This study examines the continuing failure of conflict resolution efforts in the case of Thailand’s Deep South or “Patani.” The introduction of an official peace-dialogue process in February 2013 raised hopes that the insurgency in southernmost Thailand might move toward a peaceful resolution. But under two different Thai governments, dialogue between Bangkok and Malay-Muslim militants has foundered. Factors inhibiting successful confidence-building and negotiations include the militants’ disunity and parochialism and the Thai junta’s reluctance to countenance international mediation or devolution of political power. Following Lederach (1997), the study at hand contends that where efforts at conflict resolution occur only at the elite level with no corresponding efforts at the middle and grassroots level, then dialogue is liable to fail, become one-sided or simply lapse into a public relations stunt. Moreover, drawing on interviews with officials and militants, it argues that the structure of the process, including the role of Malaysia as facilitator, must be adjusted for talks to progress. The study also examines political will as a determining factor; although capacity constraints and technical problems pose challenges to a fruitful peace dialogue, they are a less immediate obstacle than the conflict parties’ lack of determination to negotiate a settlement.
This study looks at the role of Thai state security forces in the Deep South across history until early 2017. These forces include the army, navy, police and paramilitaries and have been tasked with enforcing Thai state policy toward the Deep South since the centralization of power by the Siamese monarchy over this region in 1902. After the 2014 coup, the junta initiated a policy of using both repression and negotiations with insurgent groups to achieve its aims in the Deep South. Meanwhile violence has continued. The study, using historical institutionalism, argues that Thai security forces’ preference for a hard-line policy in the Deep South has resulted in a vicious cycle of tension and violence between security officials and local Malay-Muslims which has not been conducive to peace efforts in the region. Nevertheless, any durable peace will need to satisfy military perceptions of security. Yet what has been the historical trajectory of security policy in the Deep South? What has been the policy of the ruling National Council for Peace and Order military junta toward the region? What is the likelihood of the Thai junta becoming more pragmatic regarding the Deep South in the near future? This study examines these questions.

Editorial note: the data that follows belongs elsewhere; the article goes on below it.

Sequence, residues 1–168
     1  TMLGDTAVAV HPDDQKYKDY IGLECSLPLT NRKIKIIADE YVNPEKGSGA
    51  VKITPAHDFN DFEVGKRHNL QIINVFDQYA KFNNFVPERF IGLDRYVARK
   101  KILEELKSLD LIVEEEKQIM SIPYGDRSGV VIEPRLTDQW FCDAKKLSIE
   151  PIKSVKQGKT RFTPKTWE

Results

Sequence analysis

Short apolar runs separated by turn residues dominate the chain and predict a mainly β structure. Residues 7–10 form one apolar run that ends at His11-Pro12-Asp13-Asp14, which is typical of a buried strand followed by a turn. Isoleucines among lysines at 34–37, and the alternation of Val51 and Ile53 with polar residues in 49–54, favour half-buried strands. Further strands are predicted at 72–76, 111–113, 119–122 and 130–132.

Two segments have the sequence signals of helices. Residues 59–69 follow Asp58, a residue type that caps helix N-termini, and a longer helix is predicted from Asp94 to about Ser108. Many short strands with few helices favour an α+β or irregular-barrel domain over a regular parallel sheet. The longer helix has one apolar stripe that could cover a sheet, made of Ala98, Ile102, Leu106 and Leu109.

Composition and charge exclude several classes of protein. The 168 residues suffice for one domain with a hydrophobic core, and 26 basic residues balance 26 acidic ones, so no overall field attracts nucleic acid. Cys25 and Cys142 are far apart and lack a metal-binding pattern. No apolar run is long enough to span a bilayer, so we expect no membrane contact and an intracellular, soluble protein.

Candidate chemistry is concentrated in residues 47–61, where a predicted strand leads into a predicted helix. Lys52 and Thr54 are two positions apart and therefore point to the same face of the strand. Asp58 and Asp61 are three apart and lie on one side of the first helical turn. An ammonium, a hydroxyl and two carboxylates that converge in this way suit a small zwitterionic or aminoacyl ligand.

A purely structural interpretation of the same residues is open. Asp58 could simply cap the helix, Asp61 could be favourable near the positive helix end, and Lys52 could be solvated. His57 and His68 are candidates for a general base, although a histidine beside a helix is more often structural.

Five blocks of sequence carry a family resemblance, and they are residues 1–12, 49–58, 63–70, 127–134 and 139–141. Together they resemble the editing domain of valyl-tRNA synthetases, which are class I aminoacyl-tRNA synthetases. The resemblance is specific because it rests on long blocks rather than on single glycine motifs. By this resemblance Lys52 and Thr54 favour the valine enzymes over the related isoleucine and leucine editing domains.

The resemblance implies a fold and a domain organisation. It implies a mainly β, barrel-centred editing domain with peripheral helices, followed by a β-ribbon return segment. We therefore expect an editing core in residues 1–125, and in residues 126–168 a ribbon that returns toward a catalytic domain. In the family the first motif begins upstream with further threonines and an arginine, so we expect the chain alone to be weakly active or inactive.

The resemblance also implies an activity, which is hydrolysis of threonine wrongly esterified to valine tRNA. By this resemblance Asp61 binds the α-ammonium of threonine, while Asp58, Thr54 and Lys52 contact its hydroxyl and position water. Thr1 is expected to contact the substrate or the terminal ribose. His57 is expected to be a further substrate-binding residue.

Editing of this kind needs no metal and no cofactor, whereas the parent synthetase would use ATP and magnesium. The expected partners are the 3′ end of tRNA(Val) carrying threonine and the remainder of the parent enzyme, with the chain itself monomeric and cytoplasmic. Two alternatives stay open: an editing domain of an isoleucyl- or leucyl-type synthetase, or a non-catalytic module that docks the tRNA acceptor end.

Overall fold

The Introduction to this Special Issue lists the background, principal causes, possible future scenarios and potential solutions to the conflict in Thailand’s Deep South. It also presents summaries of the articles in the Special Issue.